A pitched battle between protesters and riot police in Georgia’s Pankisi Valley has undone years of work to build trust with a community that has been historically marginalised. The government needs to prioritise a more participatory approach to regional development over business interests.
Riot police have deployed rubber bullets and tear gas against protesters in northeast Georgia’s Pankisi Valley after local residents tried to prevent the resumption of work on a hydropower plant in the valley.
Georgia’s capitalist transformation has created a new social and political order imbued with the spirit of social Darwinism, and Tbilisi is a city emblematic of this post-communist order. The social injustice and poverty generated by this order, however, is disguised in Georgia’s capital by a façade of development. [Read more…]
The lack of job opportunities and development prospects in the rural regions of Azerbaijan has provoked a population influx to the capital, and the rapid growth of Baku’s population has increased the load on the city’s infrastructure. Problems faced by the metropolis and its inhabitants include gas cutoffs, waste management issues, water shortages, and traffic jams. [Read more…]
Just two months after announcing sweeping reforms of Georgia’s banks, 36-year-old Finance Minister Mamuka Bakhtadze looks set to become the new Prime Minister. While the country’s banks have become among the most profitable in the world, they have done so at the expense of ordinary Georgians. If Bakhtadze and his replacement at the finance ministry follow through on these reforms, they could be the first step in addressing some of Georgia’s most pressing economic woes.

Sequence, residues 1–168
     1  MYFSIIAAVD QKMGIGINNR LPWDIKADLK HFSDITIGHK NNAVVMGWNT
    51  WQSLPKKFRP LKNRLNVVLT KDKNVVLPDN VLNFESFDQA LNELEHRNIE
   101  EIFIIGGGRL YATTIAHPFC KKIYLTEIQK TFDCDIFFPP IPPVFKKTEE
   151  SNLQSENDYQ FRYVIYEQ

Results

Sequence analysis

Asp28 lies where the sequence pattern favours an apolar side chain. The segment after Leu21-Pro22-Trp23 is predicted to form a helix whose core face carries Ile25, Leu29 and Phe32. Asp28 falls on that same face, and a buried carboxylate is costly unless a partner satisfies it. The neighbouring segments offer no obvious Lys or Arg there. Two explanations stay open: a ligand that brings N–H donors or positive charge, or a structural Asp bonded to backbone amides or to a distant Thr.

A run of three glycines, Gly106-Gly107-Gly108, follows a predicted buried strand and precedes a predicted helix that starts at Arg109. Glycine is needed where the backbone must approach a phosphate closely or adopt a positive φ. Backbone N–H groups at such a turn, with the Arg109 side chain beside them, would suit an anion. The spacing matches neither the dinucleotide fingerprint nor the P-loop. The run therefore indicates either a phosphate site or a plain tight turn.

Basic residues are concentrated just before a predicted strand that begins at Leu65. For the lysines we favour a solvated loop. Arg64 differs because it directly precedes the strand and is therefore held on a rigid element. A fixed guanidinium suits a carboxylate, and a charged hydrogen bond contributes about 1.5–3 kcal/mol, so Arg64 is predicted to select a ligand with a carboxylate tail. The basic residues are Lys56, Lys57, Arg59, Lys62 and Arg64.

The Georgian government has an ambitious plan to construct a road connecting the mountainous regions of northeast Georgia, from Khevsureti to Tusheti. It’s stated goal — to develop tourism and help locals travel between difficult-to-reach areas. But many, both locals and others, are against the project. They say it will wreck the environment, damaging the region’s unique natural appeal, and taking with it their hopes of developing ecotourism.
Protests in Tbilisi’s old neighbourhood against constructions above the city’s historic sulphur baths are set to resume, as urban policy activists vow to fight plans to construct two large multifunctional complexes. [Read more…]
Tbilisi and its inhabitants are accustomed to major renovations at election times — a ‘tradition’ for politicians and city administrations. Such timely expressions of care for the city started under the United National Movement and have continued with Georgian Dream. [Read more…]
Families and businesses are facing imminent eviction to make way for renovations. Despite plans to begin the work in March, residents and business owners are yet to receive details from the city, throwing their futures into uncertainty and chaos.